Nonetheless, even for someone not yet born when TGSET appeared in 1965, I could easily detect a lot of them, and I found that their appearances quickly took me out of the story. I spent so much time going “hey, that’s (fill in the blank)” that it became hard to hard to concentrate on the story. If the cameos served any real purpose, they’d be easier to excuse, but there’s nothing done by any of the big names that couldn’t have been performed by an unknown; the stars add nothing to the proceedings except a distraction.
TGSET also featured some well-known actors in many of the larger supporting roles, with Charlton Heston’s John the Baptist being the most prominent of the bunch. Although Heston never has been much of an actor, he provides a surprisingly earnest fervor to the role. However, what was the deal with his costume and hair? He looked like a caveman! Perhaps this was historically correct, but it looked ridiculous; I felt as though he was preparing for his work in Planet of the Apes.
Not all of TGSET is negative, however, as the movie does offer some good points. For one, it’s quite well-staged for the most part, and the film features a lot of absolutely gorgeous cinematography. Stevens set up the shots nicely and made the most of the various mid-western vistas that filled in for the middle east. The splendor of the imagery creates a solid setting for this most famous of stories.
Alfred Newman’s majestic and haunting score also provides some of TGSET’s highlights. The music changes to fit the various moods of the film, and it helped make the often-detached presentation seem more involving and emotional. It also appears to have directly inspired the score by Gabriel Yared for 1998’s City of Angels; some parts of the music are tremendously similar.
The music and their connection to God are about the only similarities between the small and personal COA and the epic The Greatest Story Ever Told, however, and frankly, I prefer the former film. TGSET simply tries to hard to be all things to all people, and it lacks the intimacy and warmth that are needed to bring its subject to life. Although the movie presents some examples of technical brilliance, a scattered focus and an excessively star-studded cast make it no better than mediocre in the end.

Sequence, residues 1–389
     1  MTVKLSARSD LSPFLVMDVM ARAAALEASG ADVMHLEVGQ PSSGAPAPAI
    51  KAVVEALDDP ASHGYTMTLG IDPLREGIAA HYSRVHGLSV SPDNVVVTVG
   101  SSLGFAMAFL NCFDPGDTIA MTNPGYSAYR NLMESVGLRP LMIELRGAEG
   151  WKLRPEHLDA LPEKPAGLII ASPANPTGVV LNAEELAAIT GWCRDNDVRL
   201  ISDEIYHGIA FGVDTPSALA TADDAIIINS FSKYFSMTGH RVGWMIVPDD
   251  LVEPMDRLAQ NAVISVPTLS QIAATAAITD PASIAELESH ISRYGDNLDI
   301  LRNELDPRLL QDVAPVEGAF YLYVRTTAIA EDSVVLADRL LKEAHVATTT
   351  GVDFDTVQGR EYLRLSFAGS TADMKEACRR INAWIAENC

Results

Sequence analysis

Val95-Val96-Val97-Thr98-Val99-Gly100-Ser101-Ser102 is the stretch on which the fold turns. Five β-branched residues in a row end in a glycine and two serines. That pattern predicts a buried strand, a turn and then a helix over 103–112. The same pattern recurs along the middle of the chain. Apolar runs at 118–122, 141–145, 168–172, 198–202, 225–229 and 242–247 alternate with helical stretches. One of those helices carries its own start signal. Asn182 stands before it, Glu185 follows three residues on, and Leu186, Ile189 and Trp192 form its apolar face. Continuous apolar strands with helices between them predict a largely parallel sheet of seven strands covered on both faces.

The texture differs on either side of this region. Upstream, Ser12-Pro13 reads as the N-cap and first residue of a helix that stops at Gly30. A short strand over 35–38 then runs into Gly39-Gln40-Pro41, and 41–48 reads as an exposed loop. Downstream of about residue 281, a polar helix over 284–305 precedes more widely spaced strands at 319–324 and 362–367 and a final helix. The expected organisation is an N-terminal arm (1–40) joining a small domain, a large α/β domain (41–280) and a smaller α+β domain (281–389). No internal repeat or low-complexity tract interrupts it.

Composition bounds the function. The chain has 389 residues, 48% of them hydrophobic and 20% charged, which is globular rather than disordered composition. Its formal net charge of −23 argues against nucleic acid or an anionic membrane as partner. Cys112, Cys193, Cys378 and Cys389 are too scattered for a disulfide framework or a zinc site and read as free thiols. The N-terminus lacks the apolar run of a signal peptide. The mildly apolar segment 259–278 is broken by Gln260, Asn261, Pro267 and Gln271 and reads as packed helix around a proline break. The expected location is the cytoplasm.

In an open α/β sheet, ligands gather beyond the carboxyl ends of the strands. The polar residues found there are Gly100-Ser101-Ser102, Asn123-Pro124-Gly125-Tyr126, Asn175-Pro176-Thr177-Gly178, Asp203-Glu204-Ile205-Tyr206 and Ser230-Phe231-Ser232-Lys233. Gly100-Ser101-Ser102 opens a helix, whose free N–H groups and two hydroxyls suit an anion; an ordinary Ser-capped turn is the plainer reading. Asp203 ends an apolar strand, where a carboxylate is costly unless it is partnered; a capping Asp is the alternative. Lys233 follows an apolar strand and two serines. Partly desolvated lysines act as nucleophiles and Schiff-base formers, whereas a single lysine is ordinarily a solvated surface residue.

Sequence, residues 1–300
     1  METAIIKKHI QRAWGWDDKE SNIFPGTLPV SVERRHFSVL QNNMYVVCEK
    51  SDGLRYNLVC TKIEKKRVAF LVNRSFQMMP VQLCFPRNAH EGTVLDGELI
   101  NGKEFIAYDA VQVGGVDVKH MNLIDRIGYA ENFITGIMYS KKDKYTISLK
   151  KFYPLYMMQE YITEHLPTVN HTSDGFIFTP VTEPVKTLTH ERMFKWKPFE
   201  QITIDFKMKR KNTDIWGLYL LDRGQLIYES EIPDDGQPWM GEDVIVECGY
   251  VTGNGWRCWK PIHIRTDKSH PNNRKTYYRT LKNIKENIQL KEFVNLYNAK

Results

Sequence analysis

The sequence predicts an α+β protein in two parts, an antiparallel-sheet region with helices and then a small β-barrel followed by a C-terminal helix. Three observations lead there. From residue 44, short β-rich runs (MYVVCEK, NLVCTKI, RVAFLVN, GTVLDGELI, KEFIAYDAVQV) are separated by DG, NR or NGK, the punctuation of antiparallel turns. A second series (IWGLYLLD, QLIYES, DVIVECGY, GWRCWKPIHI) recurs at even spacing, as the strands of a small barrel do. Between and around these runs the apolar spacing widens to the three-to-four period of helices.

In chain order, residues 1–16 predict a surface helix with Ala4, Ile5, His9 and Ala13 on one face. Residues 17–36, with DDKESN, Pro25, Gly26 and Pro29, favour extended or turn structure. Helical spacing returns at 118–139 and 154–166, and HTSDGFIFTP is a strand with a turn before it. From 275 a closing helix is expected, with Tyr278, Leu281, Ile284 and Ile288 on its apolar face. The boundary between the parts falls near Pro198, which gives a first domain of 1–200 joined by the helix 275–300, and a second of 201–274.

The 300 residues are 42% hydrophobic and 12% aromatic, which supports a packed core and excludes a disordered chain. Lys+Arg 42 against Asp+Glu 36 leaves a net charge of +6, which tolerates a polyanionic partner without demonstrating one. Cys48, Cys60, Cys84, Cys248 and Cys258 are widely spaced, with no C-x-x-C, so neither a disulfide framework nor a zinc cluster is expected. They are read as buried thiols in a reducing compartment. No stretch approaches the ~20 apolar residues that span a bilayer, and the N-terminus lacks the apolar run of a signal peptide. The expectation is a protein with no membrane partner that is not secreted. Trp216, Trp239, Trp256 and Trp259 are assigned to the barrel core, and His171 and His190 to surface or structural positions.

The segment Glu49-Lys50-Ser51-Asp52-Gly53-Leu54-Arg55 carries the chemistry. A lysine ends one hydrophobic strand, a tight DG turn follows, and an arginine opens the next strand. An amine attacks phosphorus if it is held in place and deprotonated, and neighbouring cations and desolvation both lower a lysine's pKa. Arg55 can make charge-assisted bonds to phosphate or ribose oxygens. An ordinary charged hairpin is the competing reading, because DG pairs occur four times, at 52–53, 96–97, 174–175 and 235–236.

The Greatest Story Ever Told appears in an aspect ratio of approximately 2.76:1 on this single-sided, double-layered DVD; the image has been enhanced for 16X9 televisions. While TGSET provided a generally pleasing picture, it showed many inconsistencies that marred the presentation.
Sharpness usually looked fairly crisp and detailed. However, a number of scenes seemed moderately soft and fuzzy, particularly when the camera went for a wide shot. Most of the film seemed acceptably well-defined, though. Some shimmering occurred on occasion, but I saw no examples of jagged edges.
As one might expect from an older film, print flaws were a substantial concern throughout TGSET. Grain appeared on many occasions, as did speckles and grit. Nicks were a less frequent intrusion, but they occurred from time to time. Periodically, I saw a vaguely flickery quality to the image, and some odd flashed appeared during some scenes. I also detected an odd cut when Jesus is introduced to John; the movie seemed to skip at that time. Parts of TGSET passed without significant defects, but much of the film presented some combination of the problems related here.
Colors seemed somewhat pale and muted much of the time. I rarely saw any kinds of vibrant, bold hues, even when the material warranted them. As a whole, the colors remained passable but not much better than that, as they appeared clear but bland. Black levels seemed acceptably deep and dark, but shadow detail could be more problematic. Some low-light scene came across as heavy and thick, especially when “day for night” photography was used. Ultimately, flaws and all, The Greatest Story Ever Told seemed watchable, and a number of scenes looked quite strong; occasionally we’re treated to some truly gorgeous images. However, as a whole, the variety of concerns meant that the picture didn’t merit a grade higher than “C+”.
A more consistent presentation emerged from the Dolby Digital 5.1 soundtrack of The Greatest Story Ever Told. While the track also had some concerns, it seemed pretty strong for audio that accompanied a 36-year-old movie. The soundfield offered a fairly broad and expansive piece. In the front, a good mix of dialogue, effects and music emanated from the side channels. The audio seemed somewhat speaker-specific at times, but the directionality appeared accurate, and at times the sounds blended together adequately.
For the most part, the surrounds simply reinforced the forward spectrum; music was the primary focus of the rear speakers. However, the track actually offered some surround-specific information. On at least a couple of occasions, the rear channels provided aspects of the score that were theirs alone, and effects spread nicely to the surrounds as well. The general ambiance of the film seemed pretty solid, and I found the audio environment to appear generally good for an older film.